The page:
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True Heroism: What Makes For It? How Does Our Modern Age Resist It?

What does the idea of sacrifice really mean, especially in that context of paying the “highest price”?

We all have examples we can point to of people who have laid down their life for a cause they thought worthy. The Pakistani boy — Aitzaz Hasan — who confronted a suicide bomber and died protecting the lives of a school full of children comes immediately to mind.

Maybe your list would include Dr. Martin Luther King, Jr, or the innumerable men and women who’ve worn their uniform to serve in desolate places.  It might include parents getting hurt while protecting their kids from harm, or First Responders rushing into situations from which others run away, the Chernobyl engineers, or Flight 93’s “let’s roll” response. Mine would certainly include my late friend, Pastor Samuel.

Deaths like these are treated differently than most, aren’t they?  They’re not viewed as merely tragic, like someone falling from a roof, or dying of leukemia; a choice is involved.  But they also aren’t the same as the death of a mafioso, or the bomber that killed Aitzaz, where choice is also involved.

The REASON for the sacrifice is important, and the quality of the cause is important in our thinking, isn’t it?

The last stand of those men at Benghazi, for example, defending their Ambassador is a very different act than someone breaking under the pressure of a situation and blindly charging the enemy lines.  Desperation is not the same as heroism.

Our reaction to such acts of compassion, courage and kindness seems almost universal.  We admire them, we honor them, we hold them up as heroes.  They have served, so to speak, a “greater good”.

But if you stop to think about the idea of “greater good”, as common-sense as we might think such terms are, it sometimes comes into conflict with other “common-sense” views.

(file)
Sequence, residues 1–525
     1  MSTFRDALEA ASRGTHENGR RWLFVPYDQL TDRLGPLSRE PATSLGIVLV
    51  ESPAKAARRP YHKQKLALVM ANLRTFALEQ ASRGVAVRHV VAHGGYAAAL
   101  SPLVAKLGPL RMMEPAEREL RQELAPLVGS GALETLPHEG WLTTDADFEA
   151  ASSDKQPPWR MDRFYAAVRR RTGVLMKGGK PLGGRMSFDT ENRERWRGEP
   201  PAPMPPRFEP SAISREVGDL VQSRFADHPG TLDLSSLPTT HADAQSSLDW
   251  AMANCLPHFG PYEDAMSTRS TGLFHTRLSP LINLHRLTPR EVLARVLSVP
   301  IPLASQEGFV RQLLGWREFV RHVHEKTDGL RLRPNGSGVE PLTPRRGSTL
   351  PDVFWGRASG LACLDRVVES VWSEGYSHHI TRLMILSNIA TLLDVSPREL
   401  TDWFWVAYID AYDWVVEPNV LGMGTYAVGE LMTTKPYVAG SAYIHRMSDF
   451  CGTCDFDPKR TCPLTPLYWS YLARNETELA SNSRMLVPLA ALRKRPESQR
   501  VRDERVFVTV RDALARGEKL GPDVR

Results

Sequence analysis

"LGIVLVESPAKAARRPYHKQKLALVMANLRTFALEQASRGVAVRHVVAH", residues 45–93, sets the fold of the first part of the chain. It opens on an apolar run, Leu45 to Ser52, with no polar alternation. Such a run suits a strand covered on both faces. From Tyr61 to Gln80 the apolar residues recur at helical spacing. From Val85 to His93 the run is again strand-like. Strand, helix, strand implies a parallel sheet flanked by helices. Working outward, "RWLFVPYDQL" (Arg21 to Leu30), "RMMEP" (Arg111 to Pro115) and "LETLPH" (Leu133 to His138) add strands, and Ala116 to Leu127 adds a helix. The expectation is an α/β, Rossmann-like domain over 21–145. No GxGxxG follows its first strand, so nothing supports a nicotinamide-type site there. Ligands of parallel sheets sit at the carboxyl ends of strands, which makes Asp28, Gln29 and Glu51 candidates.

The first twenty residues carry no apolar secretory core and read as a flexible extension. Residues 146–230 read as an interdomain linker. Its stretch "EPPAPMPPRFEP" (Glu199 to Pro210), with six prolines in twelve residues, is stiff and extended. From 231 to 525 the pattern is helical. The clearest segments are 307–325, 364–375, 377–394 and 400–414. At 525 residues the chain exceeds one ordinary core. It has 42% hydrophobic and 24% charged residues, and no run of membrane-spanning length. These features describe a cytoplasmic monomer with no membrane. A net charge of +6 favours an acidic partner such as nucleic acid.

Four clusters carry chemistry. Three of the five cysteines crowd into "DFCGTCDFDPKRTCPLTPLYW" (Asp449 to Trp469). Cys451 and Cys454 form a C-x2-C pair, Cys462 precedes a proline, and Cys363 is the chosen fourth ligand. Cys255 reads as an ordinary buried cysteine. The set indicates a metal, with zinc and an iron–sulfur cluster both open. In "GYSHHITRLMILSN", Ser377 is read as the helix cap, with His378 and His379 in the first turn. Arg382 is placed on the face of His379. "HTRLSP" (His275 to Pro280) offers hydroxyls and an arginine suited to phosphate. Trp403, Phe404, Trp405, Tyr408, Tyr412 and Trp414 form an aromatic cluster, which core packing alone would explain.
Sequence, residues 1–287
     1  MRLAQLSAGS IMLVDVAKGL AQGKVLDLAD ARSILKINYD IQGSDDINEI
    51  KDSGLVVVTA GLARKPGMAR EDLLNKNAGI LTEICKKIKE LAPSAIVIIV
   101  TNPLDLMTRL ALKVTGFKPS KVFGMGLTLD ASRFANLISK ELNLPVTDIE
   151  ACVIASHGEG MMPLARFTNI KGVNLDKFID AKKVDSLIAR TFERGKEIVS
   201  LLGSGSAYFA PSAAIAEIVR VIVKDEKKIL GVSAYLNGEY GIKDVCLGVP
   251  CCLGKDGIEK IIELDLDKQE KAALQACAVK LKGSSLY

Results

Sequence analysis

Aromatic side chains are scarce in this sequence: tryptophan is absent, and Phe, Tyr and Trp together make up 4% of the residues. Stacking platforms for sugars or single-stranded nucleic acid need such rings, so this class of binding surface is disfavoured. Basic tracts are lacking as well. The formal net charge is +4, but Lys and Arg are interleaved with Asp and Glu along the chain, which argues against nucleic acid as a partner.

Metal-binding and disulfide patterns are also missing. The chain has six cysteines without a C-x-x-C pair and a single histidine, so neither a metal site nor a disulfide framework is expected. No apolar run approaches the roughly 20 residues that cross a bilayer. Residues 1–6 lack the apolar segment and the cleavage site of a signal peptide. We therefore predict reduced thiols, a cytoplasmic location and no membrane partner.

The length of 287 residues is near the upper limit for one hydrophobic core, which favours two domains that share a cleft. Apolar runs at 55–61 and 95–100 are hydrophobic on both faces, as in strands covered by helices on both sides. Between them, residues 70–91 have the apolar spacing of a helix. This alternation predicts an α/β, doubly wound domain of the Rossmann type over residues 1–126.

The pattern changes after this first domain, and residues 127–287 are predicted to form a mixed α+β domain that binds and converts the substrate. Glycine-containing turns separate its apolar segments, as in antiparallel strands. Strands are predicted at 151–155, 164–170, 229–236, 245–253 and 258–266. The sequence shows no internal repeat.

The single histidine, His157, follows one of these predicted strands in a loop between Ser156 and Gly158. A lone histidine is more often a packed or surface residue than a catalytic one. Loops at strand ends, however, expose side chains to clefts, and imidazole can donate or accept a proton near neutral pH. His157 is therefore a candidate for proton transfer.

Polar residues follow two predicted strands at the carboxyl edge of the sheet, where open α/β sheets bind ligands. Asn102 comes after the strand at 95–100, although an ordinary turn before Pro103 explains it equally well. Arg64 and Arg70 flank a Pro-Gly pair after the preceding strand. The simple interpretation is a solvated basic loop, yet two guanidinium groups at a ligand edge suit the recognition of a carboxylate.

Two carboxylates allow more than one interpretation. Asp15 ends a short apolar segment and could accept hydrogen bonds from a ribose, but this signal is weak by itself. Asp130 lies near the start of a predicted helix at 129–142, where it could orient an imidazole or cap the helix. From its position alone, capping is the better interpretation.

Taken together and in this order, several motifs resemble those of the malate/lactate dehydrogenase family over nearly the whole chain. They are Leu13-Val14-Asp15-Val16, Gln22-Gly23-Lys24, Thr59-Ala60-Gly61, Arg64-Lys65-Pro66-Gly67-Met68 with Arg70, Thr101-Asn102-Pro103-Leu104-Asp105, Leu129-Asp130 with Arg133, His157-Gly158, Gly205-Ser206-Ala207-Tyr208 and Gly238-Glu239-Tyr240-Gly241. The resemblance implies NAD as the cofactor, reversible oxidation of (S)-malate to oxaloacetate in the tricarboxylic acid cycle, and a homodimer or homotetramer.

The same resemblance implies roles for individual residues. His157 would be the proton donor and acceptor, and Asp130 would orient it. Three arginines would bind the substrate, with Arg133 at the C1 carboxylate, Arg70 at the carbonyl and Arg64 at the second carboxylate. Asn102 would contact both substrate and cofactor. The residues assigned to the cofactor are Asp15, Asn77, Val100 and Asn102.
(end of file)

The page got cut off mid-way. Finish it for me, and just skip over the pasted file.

Are there ideas that would be incompatible with that kind of self-sacrifice?  Or at least ideas difficult to reconcile with others we might take for granted?

The most obvious would be found right in the list I gave, above.  At the same time that Aitzaz Hasan stood up for the defense of children’s lives, there was another person willing to lay down his life for a different goal.  That goal was not to save lives, but to end as many as he could.

What motivates such a goal?  The standard answer would be “religious devotion”.  But is that an accurate description?  Would that alleged “religious devotion” still be a factor in play if he did not believe that he would, personally, gain something from his action?

The belief is that people who die that way are “trading up” the life they have now (however dreary) for eternal gratification, to have every physical urge gratified endlessly by six dozen anonymous people acting as slaves to those whims.

Religious devotion?  Really?  How many Jihadis stop in at a nudie bar on the way to their “grand exit”?  Isn’t their real goal a “get-out-of-hell free card”, complete with a blank cheque to enjoy all those Charlie Sheen ”winning” fantasies he couldn’t attain in life?

When we call that “religious devotion” we have every right to ask whether his allegiance is truly to a god of any description, but rather a bribe offered to his libido.  There’s nothing honorable about such a death as that.  He’s a mercenary working for a paycheck of the basest sort.

Do any ideas closer to home conflict with real heroism?

How about common Pragmatism?

What about pragmatism, the “go along to get along” impulse that says “keep your head down and don’t get involved”?  You see it when people conveniently ignore a call for help, don’t report a crime, or excuse the wrongdoing of “one of their own”.

You also see it when ethical dilemmas are answered with a cost/benefit analysis.  The kind of heroism we’re describing cannot survive such thinking, because what makes them heroes is the fact that someone ELSE gets the benefit of their risk-taking.

What about rigid atheists?  If they were epistemically consistent, how would they view such acts?

What if you were a devout Darwinist, like Dawkins, who said “life has no higher purpose than to perpetuate the survival of DNA…life has no design, no purpose, no evil and no good, nothing but blind, pitiless indifference.

Such a person must either call a death like Aitzaz’s (since he had no offspring) one example of a failed and wasted life, or else smuggle in ideas of value, virtue and meaning from some system of thought that allows for ideas of self-sacrifice and heroism.  How he might handle such a question, I could only guess.

But for many of us, believing that all human life has intrinsic value, and that the consequences of our decisions live long after we are gone (both among those we leave behind, and in a life that transcends death), there is a greater meaning to such acts.  We reflect upon both the words and example of One who put that principle into practice.

“Greater love has no man than this, that he lay down his life for his friends”.

For us, seeing value in sacrifice carries no conflict at all.

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Wes Walker

Wes Walker is the author of "Blueprint For a Government that Doesn't Suck". He has been lighting up since its inception in July of 2012. Follow on twitter: @Republicanuck